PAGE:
[MARMAM] New publication: Cultural turnover among Galápagos sperm whales

Luke Rendell ler4 at st-andrews.ac.uk
Mon Oct 24 10:05:16 PDT 2016


Dear colleagues,

This open access publication on sperm whale vocal clans in the eastern Tropical Pacific has been published online:

Cultural turnover among Galápagos sperm whales
Mauricio Cantor, Hal Whitehead, Shane Gero and Luke Rendell 

Abstract
While populations may wax and wane, it is rare for an entire population to be replaced by a completely different set of individuals. We document the large-scale relocation of cultural groups of sperm whale off the Galápagos Islands, in which two sympatric vocal clans were entirely replaced by two different ones. Between 1985 and 1999, whales from two clans (called Regular and Plus-One) defined by cultural dialects in coda vocalizations were repeatedly photo-identified off Galápagos. Their occurrence in the area declined through the 1990s; by 2000, none remained. We reassessed Galápagos sperm whales in 2013–2014, identifying 463 new females. However, re-sighting rates were low, with no matches with the Galápagos 1985–1999 population, suggesting an eastward shift to coastal areas. Their vocal repertoires matched those of two other clans (called Short and Four-Plus) found across the Pacific but previously rare or absent around Galápagos. The mechanisms behind this cultural turnover may include large-scale environmental regime shifts favouring clan-specific foraging strategies, and a response to heavy whaling in the region involving redistribution of surviving whales into high- quality habitats. The fall and rise of sperm whale cultures off Galápagos reflect the structuring of the Pacific population into large, enduring clans with dynamic ranges. Long-lasting clan membership illustrates how culture can be bound up in the structure and dynamics of animal populations and so how tracking cultural traits can reveal large-scale population shifts.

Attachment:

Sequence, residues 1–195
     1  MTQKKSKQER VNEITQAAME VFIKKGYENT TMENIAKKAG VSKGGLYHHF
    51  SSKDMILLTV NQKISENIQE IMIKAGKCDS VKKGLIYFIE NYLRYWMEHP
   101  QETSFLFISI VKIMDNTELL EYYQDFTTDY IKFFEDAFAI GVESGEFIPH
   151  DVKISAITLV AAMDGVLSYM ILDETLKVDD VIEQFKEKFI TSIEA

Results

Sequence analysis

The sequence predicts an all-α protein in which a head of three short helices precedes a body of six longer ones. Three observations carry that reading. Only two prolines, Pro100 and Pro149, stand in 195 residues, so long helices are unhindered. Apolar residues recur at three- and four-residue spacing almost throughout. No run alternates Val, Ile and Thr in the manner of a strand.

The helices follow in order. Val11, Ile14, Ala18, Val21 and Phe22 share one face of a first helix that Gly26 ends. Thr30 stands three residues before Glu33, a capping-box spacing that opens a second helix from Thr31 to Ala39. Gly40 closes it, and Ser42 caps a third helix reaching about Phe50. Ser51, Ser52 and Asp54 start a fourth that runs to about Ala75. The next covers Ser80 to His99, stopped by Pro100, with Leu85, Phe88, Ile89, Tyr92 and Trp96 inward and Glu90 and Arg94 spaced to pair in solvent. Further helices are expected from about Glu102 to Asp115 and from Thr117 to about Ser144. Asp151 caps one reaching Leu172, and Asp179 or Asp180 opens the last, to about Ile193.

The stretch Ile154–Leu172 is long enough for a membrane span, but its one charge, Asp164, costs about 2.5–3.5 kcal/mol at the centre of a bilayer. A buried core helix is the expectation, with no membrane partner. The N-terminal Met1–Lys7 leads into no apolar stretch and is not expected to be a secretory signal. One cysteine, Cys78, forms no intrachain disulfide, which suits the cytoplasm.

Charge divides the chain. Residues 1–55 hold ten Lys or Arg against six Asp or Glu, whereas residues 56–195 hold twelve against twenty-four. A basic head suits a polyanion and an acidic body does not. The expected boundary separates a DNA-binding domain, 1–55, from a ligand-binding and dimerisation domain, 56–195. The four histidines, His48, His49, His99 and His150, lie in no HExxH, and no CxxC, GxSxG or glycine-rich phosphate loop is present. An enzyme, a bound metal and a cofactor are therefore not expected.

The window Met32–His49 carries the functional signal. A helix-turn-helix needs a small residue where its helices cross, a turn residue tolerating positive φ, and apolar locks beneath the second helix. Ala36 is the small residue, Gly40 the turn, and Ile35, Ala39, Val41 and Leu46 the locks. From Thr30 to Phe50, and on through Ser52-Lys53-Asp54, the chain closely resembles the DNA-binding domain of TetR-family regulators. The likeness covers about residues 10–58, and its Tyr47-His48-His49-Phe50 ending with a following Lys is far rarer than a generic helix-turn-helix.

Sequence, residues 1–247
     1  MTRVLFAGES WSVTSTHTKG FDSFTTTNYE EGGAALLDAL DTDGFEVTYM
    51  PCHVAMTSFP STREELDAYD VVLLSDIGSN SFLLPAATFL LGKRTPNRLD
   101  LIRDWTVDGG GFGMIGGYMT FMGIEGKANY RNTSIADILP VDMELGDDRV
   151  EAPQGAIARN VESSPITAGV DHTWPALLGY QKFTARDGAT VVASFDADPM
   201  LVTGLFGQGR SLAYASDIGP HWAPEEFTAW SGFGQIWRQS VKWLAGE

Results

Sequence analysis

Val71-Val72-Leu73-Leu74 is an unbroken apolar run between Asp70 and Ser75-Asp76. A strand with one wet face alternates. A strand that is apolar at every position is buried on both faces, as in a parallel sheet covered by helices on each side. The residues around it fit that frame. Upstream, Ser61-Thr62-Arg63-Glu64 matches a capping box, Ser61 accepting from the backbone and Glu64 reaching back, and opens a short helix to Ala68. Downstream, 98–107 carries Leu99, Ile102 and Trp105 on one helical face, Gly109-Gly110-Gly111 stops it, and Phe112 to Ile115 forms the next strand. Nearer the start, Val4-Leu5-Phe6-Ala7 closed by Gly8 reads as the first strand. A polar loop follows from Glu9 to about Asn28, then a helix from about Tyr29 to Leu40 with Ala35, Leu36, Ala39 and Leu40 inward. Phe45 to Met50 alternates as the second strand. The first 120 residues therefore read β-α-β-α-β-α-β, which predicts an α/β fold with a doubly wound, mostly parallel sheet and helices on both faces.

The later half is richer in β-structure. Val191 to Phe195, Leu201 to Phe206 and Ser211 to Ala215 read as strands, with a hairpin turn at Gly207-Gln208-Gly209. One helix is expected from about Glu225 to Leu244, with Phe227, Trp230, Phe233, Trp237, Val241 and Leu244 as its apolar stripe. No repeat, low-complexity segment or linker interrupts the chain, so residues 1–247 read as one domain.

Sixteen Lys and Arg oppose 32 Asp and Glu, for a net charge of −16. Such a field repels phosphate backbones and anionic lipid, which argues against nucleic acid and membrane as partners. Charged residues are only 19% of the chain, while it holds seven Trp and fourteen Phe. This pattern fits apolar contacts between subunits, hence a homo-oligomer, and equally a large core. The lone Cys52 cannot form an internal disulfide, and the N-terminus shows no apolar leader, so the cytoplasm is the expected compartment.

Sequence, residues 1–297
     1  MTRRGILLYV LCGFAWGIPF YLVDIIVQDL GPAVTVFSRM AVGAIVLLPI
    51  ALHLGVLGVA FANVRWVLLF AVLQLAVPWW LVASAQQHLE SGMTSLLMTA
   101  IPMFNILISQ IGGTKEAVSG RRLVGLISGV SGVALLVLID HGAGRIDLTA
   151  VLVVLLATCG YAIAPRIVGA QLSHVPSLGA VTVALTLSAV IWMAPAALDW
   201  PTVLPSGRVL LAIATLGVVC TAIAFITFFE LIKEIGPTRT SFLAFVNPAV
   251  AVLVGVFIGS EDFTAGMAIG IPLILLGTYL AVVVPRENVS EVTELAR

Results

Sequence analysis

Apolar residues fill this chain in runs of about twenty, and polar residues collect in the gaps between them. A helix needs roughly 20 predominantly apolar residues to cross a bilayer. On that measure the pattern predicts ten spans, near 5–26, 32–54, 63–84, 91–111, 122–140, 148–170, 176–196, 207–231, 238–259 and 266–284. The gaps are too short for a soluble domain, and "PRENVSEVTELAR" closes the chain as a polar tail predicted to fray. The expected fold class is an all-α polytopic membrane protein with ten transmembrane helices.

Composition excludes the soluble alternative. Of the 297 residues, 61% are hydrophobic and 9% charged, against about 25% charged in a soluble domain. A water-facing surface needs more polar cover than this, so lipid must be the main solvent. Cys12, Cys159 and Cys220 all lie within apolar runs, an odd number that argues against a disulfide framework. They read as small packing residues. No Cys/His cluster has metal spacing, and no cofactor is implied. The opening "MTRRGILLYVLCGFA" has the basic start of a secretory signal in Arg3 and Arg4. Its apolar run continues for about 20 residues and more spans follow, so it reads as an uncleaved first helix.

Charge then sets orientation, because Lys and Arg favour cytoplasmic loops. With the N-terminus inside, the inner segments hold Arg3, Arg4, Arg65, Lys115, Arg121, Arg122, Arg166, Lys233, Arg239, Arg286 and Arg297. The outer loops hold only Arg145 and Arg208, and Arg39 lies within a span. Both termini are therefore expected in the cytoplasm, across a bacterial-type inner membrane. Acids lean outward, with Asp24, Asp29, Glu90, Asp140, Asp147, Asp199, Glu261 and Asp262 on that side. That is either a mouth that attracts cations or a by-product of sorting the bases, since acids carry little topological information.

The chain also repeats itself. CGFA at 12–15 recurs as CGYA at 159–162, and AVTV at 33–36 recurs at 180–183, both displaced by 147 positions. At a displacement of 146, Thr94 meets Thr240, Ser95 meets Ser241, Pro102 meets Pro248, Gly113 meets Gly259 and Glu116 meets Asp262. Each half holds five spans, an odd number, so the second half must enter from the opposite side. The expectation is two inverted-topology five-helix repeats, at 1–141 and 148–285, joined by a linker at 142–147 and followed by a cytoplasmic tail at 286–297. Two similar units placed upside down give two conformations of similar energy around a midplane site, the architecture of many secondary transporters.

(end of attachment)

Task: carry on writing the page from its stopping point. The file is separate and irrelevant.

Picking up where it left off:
The full paper is available for download at: http://rsos.royalsocietypublishing.org/content/3/10/160615
Electronic supplementary material can be found at: https://figshare.com/collections/Supplementary_material_from_Cultural_turnover_among_Gal_pagos_sperm_whales_/3500418

Best wishes,

Luke

--
Dr. Luke Rendell
MASTS (masts.ac.uk) Reader in Biology
Tel: (44)(0)1334 463499
E-mail: ler4 at st-andrews.ac.uk
WWW: http://bio.st-andrews.ac.uk/staff/ler4.htm
School of Biology, University of St. Andrews
Sir Harold Mitchell Building,
St. Andrews, Fife
KY16 9TH
U.K.

The University of St Andrews is a charity registered in Scotland (SC013532)





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